Happy Christmas! The BioNtech/Pfizer vaccine’s approval, with others to come, is the best possible news at the end of a ghastly year. Vaccination is humankind’s most life-saving innovation, banishing scourge after scourge from the face of the earth. It is a technology that is so counterintuitive as to seem magical, but when it works it is unbeatable. The extinction of smallpox in 1977 was probably science’s greatest achievement.
Britain has been among the most incompetent countries at managing the pandemic, taking far too top-down and centralised an approach, but it will be the first to get vaccinating, weeks before America and a month before the lumbering bureaucratic dinosaur across the channel. We can thank Kate Bingham, our brilliant biologists and the Medicines and Healthcare products Regulatory Agency. I recall being told by somebody with insider experience long before this that the European Medicines Agency added very little to what we do domestically, except duplication and delay.
I shall join the queue for a vaccine with enthusiasm when my turn comes. The chances of a harmful side-effect are small, for three reasons: the trials were actually longer and had more participants than normal; we know more about how to avoid damaging side effects than we did in the past when mistakes were more common; and the Pfizer and Moderna vaccines are neither alive nor contain any proteins, just RNA (DNA’s slightly heavier cousin), so there is less to go wrong.
In fact, these messenger-RNA vaccines are probably the future of vaccines. They can be developed and tested more quickly than the old approach using whole viruses or proteins. And speed is what has been lacking in vaccine development for too long. Wayne Koff, president of the Human Vaccines Project, gave a prescient warning in 2019, before anybody had coughed in Wuhan: “Vaccine development is an expensive, slow and laborious process, costing billions of dollars, taking decades, with less than a 10 per cent rate of success … There is clearly an urgent need to determine ways to improve not just the effectiveness of the vaccines themselves but also the very processes by which they are developed.”
It is frankly a bit of a disgrace that we had failed to speed up the development of vaccines before this. The private sector found them unprofitable, the public-health establishment preferred to lecture us on eating junk food and the World Health Organisation announced in 2015 that the greatest threat in the 21st century to human health – health, mind you! – was climate change. Which suggests that it was not focused on its day job. So we ambled into the path of a new and highly contagious virus without sufficient preparation. Let’s hope we have learned that lesson.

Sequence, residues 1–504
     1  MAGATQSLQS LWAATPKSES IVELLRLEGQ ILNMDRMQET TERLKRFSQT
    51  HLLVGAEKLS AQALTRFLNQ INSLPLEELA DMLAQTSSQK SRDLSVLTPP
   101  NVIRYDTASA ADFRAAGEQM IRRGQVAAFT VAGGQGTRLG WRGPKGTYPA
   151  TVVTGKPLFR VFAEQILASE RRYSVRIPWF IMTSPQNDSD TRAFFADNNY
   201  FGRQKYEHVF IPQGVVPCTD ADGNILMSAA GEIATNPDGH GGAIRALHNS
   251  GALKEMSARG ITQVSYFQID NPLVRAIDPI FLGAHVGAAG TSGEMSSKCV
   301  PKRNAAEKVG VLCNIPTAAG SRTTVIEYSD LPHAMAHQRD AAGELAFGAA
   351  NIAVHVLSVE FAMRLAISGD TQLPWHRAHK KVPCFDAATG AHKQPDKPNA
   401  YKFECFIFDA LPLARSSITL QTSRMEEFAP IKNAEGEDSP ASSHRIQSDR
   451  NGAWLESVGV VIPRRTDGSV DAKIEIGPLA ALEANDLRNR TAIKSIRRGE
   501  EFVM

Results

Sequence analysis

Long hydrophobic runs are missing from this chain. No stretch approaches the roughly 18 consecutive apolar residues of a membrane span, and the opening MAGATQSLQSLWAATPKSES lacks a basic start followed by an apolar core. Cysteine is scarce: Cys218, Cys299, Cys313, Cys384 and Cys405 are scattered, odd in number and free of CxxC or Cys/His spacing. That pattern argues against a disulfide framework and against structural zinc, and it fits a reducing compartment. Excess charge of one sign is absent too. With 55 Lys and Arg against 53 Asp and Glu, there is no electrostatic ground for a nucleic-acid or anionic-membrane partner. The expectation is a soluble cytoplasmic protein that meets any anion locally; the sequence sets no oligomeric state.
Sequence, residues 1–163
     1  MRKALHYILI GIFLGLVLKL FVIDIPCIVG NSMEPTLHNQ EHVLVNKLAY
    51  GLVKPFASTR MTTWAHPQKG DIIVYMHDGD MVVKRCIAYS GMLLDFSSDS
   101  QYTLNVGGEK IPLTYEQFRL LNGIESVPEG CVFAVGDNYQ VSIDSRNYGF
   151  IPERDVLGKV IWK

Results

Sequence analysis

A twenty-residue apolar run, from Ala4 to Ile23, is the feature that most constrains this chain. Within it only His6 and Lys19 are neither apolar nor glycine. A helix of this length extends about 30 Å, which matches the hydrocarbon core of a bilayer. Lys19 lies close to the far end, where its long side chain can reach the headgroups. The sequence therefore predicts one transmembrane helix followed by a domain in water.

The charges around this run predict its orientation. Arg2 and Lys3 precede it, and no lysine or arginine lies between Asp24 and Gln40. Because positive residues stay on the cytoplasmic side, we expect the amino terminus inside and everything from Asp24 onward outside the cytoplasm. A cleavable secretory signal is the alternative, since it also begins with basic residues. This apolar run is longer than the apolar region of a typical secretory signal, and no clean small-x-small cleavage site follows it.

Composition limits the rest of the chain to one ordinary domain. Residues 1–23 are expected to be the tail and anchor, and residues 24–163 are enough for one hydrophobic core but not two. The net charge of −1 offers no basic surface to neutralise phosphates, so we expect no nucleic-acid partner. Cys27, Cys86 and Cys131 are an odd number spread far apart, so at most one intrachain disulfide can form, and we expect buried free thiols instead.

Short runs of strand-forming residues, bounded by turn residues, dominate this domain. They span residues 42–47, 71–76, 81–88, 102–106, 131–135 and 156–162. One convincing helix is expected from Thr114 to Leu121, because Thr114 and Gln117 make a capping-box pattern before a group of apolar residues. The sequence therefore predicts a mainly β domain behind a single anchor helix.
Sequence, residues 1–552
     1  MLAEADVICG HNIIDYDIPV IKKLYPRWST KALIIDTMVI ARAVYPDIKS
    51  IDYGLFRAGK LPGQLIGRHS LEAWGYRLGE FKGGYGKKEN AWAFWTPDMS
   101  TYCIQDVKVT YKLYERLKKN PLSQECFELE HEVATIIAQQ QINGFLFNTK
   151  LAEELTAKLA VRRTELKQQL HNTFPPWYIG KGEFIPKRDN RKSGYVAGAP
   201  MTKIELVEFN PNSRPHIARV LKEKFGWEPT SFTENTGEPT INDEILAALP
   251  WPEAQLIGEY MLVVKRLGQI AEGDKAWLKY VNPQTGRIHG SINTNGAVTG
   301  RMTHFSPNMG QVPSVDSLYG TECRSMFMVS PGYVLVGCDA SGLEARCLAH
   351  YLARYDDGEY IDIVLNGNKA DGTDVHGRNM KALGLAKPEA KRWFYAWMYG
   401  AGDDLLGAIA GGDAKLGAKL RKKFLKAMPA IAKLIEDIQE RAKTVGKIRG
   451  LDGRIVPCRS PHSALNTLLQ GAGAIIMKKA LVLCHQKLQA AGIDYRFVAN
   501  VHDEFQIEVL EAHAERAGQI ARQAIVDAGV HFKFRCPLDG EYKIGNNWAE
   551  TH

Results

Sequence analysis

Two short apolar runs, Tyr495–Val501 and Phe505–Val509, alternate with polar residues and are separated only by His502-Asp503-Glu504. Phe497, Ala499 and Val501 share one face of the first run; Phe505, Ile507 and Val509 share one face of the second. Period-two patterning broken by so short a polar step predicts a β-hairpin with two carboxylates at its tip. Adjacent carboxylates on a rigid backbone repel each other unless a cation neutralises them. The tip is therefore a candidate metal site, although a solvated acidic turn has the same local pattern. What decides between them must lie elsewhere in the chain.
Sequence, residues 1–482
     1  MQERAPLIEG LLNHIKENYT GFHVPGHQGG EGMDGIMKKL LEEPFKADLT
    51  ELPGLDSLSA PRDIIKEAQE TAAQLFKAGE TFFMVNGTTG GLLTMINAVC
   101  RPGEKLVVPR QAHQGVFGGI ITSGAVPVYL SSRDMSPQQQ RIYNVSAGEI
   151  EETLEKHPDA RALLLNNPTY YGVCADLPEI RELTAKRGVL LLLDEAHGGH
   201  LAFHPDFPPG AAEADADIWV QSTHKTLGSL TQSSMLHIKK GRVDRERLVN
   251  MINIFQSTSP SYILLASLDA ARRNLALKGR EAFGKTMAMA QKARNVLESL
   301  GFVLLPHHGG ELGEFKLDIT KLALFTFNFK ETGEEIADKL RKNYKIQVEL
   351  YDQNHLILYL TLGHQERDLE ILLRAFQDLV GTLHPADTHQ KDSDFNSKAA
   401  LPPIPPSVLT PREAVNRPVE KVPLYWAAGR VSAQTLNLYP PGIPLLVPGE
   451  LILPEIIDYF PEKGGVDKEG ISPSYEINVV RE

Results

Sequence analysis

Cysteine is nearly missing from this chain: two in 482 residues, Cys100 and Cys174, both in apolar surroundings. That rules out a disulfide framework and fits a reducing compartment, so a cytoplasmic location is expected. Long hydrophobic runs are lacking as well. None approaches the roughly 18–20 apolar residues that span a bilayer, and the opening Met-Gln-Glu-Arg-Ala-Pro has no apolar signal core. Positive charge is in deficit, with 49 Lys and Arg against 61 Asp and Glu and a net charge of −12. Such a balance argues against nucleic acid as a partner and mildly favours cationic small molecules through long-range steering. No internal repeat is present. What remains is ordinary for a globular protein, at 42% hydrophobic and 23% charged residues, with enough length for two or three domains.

Thus it is a technical fix that should bring the Covid nightmare to an end, where hand washing, modelling, behavioural science, social distancing, non-pharmaceutical interventions and lockdowns have so disappointingly underperformed. If it understands anything about human psychology, the Government should stop talking about “not letting our guard down” and instead set out a plan to lift its restrictions step by step as the vaccine rolls out. Tell those who have been vaccinated, and those who have had the virus, to start getting back to normal life, and not by showing passports at checkpoints, but by using their common sense. List the dates on which it expects to abolish rules.
Ideally, to slow the pandemic, you might start by vaccinating the working age population, both to help them back to work and because they are the more likely spreaders of the virus. But understandably, in order to save lives, governments everywhere are going to vaccinate the most vulnerable first. That means it may take slightly longer to achieve herd immunity through vaccination (which is the goal) but it will at least bring down the fatality rate, now well below one per cent and falling fast as we learn how to treat people.
All of which means we do not have to wait till everybody has had the vaccine before lifting the restrictions on travel and social mixing. There will be setbacks, maybe even scandals for the media to feast upon. But there really is light at the end of the tunnel.